"The place doesn't matter. You just live."
Early in Downtown Owl, that advice is given to 23-year-old Julia, who has just arrived in the negligible town of Owl, North Dakota, to teach seventh and eighth grade. Sadly, Owl doesn't have much to offer; Julia's boss promises her that the town boasts "probably the best bowling alley in the region."
The next paragraph starts like this: "When the most positive detail about your new home is that the bowling alley is thriving, you have to like bowling a lot in order to stave off depression."
Downtown Owl is the first novel from essayist and journalist Chuck Klosterman, whose previous books—Fargo Rock City; Sex, Drugs, and Cocoa Puffs; Killing Yourself to Live; and Chuck Klosterman IV—contain some brilliantly funny, smart, and insightful writing about pop culture. But with Downtown Owl, Klosterman has stopped pondering the cultural significance of KISS to instead tell the stories of three normal Americans in 1983, in a town where high school football rules, where people "don't steal cars, even if they are empty and the keys are in the ignition," and where brutal blizzards can freeze absolutely everything.
"I always liked books that were funny and then sad," Klosterman says, speaking to me from his apartment in New York City. "People in the publishing industry will claim that you can't sell books like that. The example they often use is High Fidelity. That was something that was told to me once: 'In High Fidelity, everything works out in the end. You can't have a book that's funny like that and then in the end, the guy is alone.' That's strange, because all the books I like are like that. So I pretty much decided that I'm gonna write a book the way I like it and hopefully at this point, whether or not it's a huge failure or success shouldn't matter that much anymore. I should be able to sustain a career now because of the other books, regardless of how this does."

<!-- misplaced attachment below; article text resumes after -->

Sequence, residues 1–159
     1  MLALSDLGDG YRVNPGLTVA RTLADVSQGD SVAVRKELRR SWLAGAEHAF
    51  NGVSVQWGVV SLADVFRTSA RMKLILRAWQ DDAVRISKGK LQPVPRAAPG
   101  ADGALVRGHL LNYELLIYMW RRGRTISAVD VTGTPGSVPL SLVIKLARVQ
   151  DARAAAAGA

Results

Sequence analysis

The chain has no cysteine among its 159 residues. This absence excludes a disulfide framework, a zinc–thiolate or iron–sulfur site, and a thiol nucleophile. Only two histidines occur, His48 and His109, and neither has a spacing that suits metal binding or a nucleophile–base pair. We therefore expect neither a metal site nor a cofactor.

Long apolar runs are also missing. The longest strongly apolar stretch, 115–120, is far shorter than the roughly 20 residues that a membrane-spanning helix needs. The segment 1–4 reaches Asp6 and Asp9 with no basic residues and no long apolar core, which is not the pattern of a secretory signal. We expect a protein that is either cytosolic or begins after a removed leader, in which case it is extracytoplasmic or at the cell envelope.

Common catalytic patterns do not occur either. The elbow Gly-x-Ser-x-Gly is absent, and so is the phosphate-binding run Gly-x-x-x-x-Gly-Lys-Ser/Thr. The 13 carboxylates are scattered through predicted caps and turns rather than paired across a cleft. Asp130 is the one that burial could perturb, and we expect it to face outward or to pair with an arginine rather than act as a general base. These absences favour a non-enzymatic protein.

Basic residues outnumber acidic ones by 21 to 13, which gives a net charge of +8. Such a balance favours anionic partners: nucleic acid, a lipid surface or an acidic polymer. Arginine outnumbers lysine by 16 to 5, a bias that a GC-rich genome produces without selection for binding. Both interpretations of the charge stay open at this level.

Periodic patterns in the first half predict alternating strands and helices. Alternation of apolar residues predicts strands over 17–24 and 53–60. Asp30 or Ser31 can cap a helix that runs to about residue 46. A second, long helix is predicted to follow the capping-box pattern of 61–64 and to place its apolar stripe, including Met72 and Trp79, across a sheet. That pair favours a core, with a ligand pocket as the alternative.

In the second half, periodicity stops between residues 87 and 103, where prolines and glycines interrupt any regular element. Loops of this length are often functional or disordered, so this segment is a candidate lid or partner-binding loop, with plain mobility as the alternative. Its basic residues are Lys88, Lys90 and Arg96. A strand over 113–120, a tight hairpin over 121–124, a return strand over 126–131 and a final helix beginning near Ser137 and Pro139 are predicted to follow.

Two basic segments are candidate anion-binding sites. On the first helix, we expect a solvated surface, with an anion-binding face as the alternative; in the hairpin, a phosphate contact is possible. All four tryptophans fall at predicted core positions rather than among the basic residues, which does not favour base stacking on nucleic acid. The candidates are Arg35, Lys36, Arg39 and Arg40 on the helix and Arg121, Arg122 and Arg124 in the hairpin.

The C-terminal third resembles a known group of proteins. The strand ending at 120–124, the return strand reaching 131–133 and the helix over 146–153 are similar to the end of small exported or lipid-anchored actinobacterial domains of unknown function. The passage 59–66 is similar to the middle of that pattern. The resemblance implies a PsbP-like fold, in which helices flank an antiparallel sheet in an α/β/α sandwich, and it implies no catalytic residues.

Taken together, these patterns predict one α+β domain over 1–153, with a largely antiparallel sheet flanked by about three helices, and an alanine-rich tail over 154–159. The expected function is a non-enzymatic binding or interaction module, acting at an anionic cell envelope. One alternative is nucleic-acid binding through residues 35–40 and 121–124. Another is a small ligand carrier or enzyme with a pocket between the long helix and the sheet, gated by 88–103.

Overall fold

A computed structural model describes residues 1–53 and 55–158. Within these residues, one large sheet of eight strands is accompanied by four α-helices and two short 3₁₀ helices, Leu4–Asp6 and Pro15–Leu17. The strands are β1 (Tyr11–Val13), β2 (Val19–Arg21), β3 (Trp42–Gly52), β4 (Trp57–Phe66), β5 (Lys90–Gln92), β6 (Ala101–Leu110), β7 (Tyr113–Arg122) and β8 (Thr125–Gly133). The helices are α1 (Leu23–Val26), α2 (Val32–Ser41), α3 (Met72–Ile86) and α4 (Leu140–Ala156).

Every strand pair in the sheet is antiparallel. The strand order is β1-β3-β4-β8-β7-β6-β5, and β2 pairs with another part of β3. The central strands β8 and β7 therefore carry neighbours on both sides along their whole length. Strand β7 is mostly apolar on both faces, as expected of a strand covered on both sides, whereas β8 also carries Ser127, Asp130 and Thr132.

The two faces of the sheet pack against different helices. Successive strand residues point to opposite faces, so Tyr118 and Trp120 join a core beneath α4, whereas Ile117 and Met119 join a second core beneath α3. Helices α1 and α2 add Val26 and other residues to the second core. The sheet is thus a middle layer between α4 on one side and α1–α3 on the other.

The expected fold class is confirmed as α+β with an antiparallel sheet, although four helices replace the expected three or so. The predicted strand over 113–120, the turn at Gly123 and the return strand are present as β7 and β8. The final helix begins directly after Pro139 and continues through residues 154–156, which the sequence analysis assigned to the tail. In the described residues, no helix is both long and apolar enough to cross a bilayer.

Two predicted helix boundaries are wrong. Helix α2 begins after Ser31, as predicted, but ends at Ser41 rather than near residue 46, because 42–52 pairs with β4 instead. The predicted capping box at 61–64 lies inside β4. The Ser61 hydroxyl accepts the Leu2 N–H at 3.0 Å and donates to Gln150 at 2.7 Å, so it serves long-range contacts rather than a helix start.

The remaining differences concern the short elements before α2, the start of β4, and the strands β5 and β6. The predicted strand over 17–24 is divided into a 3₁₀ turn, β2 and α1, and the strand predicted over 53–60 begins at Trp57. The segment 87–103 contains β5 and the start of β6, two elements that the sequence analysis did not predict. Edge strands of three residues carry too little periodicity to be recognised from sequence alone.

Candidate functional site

Klosterman did write his novel exactly how he wanted to: Downtown Owl is frequently hilarious, but there's a tired melancholy in each of the book's three main characters. There's Julia, the most exotic thing to hit Owl in years; Mitch, a lonely high school quarterback; and Horace, a world-weary widower. Klosterman also introduces some of Owl's other denizens, like English teacher John Laidlaw ("He was certainly the finest teacher in Owl, even when you factored in the emotional cruelty and the statutory raping"), or bar regular Disco Ball ("'Misplaced jealousy,' Disco Ball was wont to say. 'That's what destroyed my marriage: misplaced jealousy. That, and the urination.'").
"In non-fiction, the main thing you're hoping is that whatever the principle idea is, that will be the thing [readers] remember," he says. "With fiction, the biggest hope is that [readers] find it entertaining. My main thing was like, 'Well, I have ideas that I want to write about, but mainly I have to concentrate on making sure it's not boring.'"
It's not. Despite the genre shift, Downtown Owl clips along with Klosterman's sharp, pop-savvy instincts. Take the setting: Since the novel begins in '83, Laidlaw makes his students read Orwell's 1984, which inspires a few kids to wonder if there's a connection between that 1984 and Van Halen's album of the same name. When I ask Klosterman if there is, in fact, a link, he isn't feeling it: "I will never know if Edward Van Halen read George Orwell's 1984, but if he did, it did not seem to inform that record," he laughs. "I mean, there's no thought police mentioned in 'Panama.' Top Jimmy's not expressing his angst against the totalitarian state."
Regardless of whether or not it answers essential questions like the one above, the deft, affecting Downtown Owl might be the best thing Klosterman's written yet—so the next question is if he'll be writing more fiction.
"Possibly," he says, noting that he's currently working on a new essay collection. "If I come up with a really good idea, then maybe I will—but it's not like I'll write all novels now. It's just something I wanted to do, at least once."